Ever been on the way to Slidell, looked out the window to the right, and thought “What’s with that random white castle in the middle of the marsh?” Glad you asked. The “Irish Bayou Castle” (aka “Fishermen’s Castle” aka “Chateau Villemarette”) was designed and built in 1981 by Simon Villemarette after his fishing camp burned down a few years prior. A silhouette that looks like it would be more at home in a Monty Python film, than in annals of Louisiana iconography, the castle is nestled just a stone's throw from Lake Pontchartrain, and has caught the interest, curiosity, and bewilderment of thousands as they travel to and from the crescent city along I-10 for decades. When asked what inspired the design of what is arguably, “The Most Interesting Fishing Camp In The World”, Villemarette, a carpenter from Aribi, said he wanted to build something himself and always had and affection for 14th century architecture. But his main reason for the puzzling design was that he was simply “...tired of building things rectangular and square” and “...wanted to build something round for a change.” So that’s exactly what he did. The two bedroom, one and a half bath “Fishermen’s Castle”, adorn inside with medieval accouterments, has stood for nearly forty years. All that time, surviving the floods and winds of Katrina, Issac, and nearly everything else nature and man has thrown its way.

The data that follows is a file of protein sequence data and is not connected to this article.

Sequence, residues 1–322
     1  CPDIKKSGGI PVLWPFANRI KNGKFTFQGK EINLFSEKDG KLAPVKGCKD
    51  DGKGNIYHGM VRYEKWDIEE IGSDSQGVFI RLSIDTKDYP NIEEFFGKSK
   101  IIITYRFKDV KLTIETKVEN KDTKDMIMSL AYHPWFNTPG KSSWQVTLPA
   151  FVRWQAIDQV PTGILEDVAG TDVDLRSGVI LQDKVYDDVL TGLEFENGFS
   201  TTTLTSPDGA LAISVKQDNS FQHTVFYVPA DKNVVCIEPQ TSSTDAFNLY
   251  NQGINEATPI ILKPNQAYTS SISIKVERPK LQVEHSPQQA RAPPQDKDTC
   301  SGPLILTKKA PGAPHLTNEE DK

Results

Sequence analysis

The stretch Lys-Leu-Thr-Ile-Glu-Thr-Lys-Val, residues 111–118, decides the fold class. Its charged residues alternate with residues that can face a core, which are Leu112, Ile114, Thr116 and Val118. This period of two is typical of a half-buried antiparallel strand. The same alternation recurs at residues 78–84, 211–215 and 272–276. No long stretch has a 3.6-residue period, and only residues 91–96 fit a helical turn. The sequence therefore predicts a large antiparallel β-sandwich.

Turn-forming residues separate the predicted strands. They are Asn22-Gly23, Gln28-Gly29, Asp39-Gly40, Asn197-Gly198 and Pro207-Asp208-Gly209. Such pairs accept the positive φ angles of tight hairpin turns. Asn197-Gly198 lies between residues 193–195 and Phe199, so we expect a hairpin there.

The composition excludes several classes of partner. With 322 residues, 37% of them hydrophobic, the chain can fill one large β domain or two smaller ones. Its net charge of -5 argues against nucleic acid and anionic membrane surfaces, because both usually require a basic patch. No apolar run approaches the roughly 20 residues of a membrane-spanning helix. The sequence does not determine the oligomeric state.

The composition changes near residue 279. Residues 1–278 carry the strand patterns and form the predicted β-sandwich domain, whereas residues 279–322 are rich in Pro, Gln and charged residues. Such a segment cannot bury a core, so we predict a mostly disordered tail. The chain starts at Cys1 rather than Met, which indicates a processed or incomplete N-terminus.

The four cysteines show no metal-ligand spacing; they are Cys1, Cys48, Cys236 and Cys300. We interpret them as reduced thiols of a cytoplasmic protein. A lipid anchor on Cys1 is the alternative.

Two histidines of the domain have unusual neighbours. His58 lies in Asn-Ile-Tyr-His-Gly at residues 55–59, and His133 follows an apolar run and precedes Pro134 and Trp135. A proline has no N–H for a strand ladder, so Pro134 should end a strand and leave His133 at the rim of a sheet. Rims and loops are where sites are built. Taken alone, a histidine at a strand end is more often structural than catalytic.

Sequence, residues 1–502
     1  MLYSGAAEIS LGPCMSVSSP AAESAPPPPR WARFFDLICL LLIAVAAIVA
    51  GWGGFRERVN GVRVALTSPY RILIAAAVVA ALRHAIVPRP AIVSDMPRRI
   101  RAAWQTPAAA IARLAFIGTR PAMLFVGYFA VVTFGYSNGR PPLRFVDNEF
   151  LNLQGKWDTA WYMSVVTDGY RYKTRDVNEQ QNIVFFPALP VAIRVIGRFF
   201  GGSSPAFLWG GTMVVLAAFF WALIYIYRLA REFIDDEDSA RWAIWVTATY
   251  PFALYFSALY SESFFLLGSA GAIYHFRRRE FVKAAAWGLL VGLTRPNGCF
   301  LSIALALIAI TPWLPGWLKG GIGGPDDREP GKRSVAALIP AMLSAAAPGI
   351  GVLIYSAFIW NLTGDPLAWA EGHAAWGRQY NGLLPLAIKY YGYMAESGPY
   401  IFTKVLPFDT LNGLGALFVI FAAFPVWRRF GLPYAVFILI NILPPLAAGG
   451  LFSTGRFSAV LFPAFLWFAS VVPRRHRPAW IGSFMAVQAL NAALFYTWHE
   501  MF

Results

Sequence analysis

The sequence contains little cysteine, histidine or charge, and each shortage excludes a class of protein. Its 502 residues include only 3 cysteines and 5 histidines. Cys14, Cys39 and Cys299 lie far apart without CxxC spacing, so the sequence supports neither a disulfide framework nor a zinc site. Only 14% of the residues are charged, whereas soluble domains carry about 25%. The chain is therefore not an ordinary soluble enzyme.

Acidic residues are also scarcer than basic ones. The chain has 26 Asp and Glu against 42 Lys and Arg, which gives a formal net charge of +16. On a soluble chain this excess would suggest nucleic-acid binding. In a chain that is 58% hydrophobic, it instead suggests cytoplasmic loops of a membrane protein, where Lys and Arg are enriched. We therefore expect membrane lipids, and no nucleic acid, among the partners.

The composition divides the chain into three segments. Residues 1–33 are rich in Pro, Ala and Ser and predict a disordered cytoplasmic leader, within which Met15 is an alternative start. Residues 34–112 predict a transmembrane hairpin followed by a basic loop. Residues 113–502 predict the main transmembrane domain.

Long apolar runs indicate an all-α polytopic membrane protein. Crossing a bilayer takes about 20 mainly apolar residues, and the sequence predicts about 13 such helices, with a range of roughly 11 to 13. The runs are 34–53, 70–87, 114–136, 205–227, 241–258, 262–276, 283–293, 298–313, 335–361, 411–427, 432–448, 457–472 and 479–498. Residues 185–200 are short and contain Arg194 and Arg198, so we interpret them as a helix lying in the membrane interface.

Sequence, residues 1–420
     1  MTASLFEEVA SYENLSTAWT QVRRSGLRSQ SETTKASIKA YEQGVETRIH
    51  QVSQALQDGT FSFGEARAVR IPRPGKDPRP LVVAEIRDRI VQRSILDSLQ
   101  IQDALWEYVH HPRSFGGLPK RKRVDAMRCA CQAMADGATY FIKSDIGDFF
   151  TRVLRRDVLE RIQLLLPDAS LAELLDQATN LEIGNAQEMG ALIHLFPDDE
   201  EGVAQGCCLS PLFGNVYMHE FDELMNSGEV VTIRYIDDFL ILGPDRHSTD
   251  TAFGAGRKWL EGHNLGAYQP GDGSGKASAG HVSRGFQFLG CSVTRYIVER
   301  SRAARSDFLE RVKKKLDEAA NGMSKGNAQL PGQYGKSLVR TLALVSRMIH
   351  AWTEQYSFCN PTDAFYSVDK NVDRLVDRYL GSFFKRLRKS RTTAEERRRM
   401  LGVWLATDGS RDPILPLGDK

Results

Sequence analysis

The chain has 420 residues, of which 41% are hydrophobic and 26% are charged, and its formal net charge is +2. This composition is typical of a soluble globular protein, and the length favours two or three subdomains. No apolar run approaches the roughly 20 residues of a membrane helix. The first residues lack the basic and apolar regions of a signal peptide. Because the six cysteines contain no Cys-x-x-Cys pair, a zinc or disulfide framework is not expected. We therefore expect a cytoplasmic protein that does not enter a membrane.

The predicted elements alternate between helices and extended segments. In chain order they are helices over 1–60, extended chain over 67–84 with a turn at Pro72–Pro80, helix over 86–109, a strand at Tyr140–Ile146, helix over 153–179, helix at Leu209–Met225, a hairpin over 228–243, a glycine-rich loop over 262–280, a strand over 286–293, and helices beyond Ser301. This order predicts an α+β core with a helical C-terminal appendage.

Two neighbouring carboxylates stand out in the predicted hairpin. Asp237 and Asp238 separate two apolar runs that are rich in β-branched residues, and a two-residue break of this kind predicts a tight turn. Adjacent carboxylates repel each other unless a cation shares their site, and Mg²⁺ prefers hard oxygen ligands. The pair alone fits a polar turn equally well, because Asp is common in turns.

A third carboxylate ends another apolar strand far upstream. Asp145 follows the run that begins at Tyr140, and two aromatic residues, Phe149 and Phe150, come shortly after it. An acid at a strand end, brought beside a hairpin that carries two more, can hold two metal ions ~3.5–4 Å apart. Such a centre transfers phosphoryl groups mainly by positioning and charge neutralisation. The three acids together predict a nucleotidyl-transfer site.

It was Villimarette’s hope to turn the castle camp into a tourist attraction befitting the 1984 World’s Fair, but due to illness and other circumstances his hopes were never realized and it was sold to Charles Kuhl in 1995. Over the years due to poor upkeep, and the aforementioned catastrophic acts of nature, it began to deteriorate. There were a handful of talks among Kuhl and the Irish Bayou community to renovate the beloved Castle, and possibly turn it into a bed and breakfast, but none were seriously realized. It was purchased by an investment group based in Harahan in 2014, who remain the current owners.
It has since apparently gone through major renovations, but currently remains closed, with only rumors circulating on it’s Facebook Page, other message boards, and local news about its future. Of course that hasn’t stopped people from driving by, or stopping, sometimes daily, for photographs and to take a gander at the inexplicable castle on a bayou. Hopefully, it will open up soon now that it’s hopefully been made “battle ready” again and continue to stand into perpetuity. Its lone battlement surveying and guarding the nearby lake, bayous, marshes, and the city in the distance. Forever, poised to take on the winds, rains, floods, swarms of mosquitoes, gnats, nutria, and maybe even a charging force of ironclad soldiers in pirogues. Chateau Villemarette, as its creator called it, stands tall and proud. It’s white facade, a bright beacon illuminating the culture and history of the unique and wonderful people who call the Irish Bayou home.
Image pulled from Facebook.